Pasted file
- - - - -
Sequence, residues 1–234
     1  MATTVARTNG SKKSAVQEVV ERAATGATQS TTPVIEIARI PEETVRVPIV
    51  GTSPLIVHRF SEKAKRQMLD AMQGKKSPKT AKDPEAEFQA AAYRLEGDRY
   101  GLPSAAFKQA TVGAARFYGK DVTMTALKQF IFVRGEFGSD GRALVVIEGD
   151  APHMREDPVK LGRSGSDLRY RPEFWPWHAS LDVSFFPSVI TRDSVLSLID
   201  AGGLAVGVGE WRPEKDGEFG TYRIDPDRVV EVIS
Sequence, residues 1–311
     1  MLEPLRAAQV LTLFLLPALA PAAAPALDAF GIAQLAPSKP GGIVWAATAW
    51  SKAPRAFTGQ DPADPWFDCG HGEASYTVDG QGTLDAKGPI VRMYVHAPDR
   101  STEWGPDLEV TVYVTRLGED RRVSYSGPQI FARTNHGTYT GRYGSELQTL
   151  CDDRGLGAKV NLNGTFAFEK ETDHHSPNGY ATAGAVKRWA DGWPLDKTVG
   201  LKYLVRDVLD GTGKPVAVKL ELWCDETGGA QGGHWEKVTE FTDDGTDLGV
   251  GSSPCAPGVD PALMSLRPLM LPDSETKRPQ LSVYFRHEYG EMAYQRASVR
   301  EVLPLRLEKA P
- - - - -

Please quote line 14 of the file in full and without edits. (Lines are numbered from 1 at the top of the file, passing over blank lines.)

   301  EVLPLRLEKA P